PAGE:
“I haven't the slightest idea how to change people, but still I keep a long list of prospective candidates just in case I should ever figure it out.”
“We were not a hugging people. In terms of emotional comfort it was our belief that no amount of physical contact could match the healing powers of a well made cocktail.”
“Every gathering has its moment. As an adult, I distract myself by trying to identify it, dreading the inevitable downswing that is sure to follow. The guests will repeat themselves one too many times, or you'll run out of dope or liquor and realize that it was all you ever had in common.”
“College is the best thing that can ever happen to you," my father used to say, and he was right, for it was there that I discovered drugs, drinking, and smoking..”
“I was a smart-ass, born and raised. This had been my curse and would continue to be so.”
“What I really hated, of course, was my mind. There must have been an off switch somewhere, but I was damned if I could find it.”
“I giggled out loud at his stupidity. If anyone knew how to make a bed, it was a faggot.”
“I've always had a way with the little people, making it a point to humor them without looking down my nose at their wasted empty lives.”
“The Greeks had invented democracy, built the Acropolis and called it a day.”
“As bad a dresser as I am, anything beats being judged by my character.”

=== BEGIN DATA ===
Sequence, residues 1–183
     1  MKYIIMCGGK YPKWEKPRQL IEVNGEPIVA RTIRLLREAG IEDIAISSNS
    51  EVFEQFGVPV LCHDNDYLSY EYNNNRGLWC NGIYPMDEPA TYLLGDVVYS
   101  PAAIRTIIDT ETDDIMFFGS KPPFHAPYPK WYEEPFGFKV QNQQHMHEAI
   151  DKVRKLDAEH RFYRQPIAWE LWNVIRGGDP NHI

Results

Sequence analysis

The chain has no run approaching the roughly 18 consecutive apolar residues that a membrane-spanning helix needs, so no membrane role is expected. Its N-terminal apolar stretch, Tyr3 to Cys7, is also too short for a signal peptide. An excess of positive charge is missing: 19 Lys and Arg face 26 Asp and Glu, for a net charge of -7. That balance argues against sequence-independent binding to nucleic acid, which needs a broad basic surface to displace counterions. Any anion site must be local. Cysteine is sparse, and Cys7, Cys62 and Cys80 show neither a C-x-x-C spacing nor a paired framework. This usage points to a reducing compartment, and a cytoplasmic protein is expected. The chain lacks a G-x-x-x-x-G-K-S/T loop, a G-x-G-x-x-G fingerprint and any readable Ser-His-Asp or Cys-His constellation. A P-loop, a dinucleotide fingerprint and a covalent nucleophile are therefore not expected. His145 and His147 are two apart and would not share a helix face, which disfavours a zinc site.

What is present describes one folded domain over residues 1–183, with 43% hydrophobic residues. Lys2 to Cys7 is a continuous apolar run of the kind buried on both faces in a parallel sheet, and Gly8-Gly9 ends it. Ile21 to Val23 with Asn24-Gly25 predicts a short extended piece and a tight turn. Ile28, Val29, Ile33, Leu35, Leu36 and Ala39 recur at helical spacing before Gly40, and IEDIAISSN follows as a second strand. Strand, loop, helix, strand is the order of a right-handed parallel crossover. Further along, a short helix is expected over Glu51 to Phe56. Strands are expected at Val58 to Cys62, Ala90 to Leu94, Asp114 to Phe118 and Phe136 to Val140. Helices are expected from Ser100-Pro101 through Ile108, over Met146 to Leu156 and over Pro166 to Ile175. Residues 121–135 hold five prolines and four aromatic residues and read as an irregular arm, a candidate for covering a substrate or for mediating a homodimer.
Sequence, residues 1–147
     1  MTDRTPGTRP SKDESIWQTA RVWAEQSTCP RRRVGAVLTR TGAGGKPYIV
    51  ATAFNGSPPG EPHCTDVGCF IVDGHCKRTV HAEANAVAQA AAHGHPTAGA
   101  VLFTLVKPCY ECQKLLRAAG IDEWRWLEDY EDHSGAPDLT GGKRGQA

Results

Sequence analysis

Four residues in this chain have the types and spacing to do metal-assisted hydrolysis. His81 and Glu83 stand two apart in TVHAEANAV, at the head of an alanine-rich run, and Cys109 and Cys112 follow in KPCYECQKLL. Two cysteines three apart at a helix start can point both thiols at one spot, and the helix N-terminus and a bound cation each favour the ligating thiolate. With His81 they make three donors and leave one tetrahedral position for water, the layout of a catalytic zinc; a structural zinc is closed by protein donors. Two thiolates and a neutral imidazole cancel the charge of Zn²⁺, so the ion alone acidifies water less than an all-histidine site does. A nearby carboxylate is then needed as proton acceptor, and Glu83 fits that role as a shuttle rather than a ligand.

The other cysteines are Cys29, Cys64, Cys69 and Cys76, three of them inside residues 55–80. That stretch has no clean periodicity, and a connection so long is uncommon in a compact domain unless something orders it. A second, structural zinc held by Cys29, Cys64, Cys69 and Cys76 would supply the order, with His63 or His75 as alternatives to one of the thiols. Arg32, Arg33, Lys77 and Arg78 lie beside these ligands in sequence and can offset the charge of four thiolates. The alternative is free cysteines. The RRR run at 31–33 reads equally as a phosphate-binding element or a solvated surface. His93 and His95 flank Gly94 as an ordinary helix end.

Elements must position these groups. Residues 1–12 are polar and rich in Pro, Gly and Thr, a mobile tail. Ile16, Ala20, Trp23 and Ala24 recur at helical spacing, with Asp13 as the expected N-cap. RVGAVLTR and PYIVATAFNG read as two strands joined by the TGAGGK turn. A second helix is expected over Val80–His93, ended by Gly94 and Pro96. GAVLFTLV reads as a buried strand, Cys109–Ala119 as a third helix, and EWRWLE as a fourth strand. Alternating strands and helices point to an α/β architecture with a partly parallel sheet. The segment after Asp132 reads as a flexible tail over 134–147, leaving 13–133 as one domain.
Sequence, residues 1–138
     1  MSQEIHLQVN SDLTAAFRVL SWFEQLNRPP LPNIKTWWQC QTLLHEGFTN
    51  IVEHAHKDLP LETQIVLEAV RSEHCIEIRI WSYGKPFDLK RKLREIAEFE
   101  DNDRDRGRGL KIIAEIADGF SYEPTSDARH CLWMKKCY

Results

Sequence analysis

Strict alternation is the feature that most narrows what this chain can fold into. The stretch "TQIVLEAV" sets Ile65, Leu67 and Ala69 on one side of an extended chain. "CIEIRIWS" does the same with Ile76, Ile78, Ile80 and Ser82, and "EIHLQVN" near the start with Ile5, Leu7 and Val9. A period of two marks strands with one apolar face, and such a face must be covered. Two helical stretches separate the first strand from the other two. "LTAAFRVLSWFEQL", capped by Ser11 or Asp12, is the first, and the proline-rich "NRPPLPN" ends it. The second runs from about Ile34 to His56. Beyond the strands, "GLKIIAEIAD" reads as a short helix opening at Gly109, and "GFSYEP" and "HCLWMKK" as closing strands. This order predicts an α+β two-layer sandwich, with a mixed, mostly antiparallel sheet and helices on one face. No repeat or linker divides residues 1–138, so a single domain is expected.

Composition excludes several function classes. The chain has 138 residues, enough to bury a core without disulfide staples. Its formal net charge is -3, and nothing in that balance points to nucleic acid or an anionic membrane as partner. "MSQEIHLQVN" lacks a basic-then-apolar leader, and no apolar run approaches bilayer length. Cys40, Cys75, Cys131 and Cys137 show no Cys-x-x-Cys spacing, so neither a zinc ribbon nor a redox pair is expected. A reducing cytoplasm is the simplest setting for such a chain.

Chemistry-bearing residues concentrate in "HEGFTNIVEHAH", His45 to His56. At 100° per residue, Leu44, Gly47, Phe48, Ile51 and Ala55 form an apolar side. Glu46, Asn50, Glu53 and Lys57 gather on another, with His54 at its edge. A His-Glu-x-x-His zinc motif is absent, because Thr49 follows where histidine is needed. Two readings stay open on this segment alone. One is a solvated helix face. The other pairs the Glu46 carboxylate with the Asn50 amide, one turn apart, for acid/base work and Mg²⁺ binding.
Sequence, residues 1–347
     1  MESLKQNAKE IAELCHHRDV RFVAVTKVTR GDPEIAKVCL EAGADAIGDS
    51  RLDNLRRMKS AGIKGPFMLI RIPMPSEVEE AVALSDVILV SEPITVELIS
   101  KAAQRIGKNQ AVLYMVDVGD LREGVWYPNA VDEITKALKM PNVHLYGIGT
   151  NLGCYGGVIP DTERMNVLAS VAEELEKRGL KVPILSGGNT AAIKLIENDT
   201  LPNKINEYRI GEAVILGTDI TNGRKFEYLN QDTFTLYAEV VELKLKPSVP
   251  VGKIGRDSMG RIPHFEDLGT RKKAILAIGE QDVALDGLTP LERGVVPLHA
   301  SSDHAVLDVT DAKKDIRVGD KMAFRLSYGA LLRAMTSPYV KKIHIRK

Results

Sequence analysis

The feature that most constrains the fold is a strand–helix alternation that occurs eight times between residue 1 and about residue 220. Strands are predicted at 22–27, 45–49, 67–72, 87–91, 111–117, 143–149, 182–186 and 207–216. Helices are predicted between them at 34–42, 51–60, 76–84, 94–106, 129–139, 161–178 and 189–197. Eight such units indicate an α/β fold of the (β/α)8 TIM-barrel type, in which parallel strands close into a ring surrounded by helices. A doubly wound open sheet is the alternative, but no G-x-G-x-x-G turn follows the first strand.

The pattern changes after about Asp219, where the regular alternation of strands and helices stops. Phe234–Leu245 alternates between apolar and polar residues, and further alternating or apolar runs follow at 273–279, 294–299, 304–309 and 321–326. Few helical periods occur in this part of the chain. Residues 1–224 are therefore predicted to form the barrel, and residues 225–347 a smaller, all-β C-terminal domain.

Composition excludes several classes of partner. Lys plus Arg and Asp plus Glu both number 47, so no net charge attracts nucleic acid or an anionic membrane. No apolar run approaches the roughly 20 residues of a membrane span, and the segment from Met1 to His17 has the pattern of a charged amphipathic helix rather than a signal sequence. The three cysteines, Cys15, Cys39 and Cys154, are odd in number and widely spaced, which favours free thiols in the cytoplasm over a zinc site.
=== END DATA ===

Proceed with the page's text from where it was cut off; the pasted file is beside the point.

“I’d always been afraid of sick people, and so had my mother. It wasn’t that we feared catching their brain aneurysm or accidentally ripping out their IV. I think it was their fortitude that frightened us. Sick people reminded us not of what we had, but of what we lacked. Everything we said sounded petty and insignificant; our complaints paled in the face of theirs, and without our complaints, there was nothing to say.”
“Motherfucker, you try that again and I'll come in there with a fucking coat hanger and give you something to fucking kick about”
“If nothing else, life in the suburbs promised that you might go from day to day without finding shit in your hair.”
“We give anonymously because the sackfuls of thank-you letters break our hearts with their clumsy handwriting and hopeless phonetic spelling.”
“He has a passport," my classmates would whisper. "Quick, let's run before he judges us!”
“Right, I breast feed baby camels in my backyard just for the freaking fun of it. Just tell me where you live, Pinocchio, and save the baloney for lunch.”
“Watching him was like opening the door to a siniging telegram; you know it's supposed to be entertaining, but you can't get beyond the sad fact that this person actually thinks he bringing some joy into your life. Somewhere he had a mother who sifted through a shoe box of mimeographed playbills, pouring herself another drink and wondering when her son would come to his senses and swallow some drain cleaner.”
“Motherfucker, you haven't got the fucking balls God gave a goddamned church mouse. You crawled out of your mama's tattered old pussy, grabbed hold of her milk stained titties, and you ain't never looked back, motherfucker.”
“They're hungry for something they know nothing about, but we, we know all too well that the price of fame is the loss of privacy.”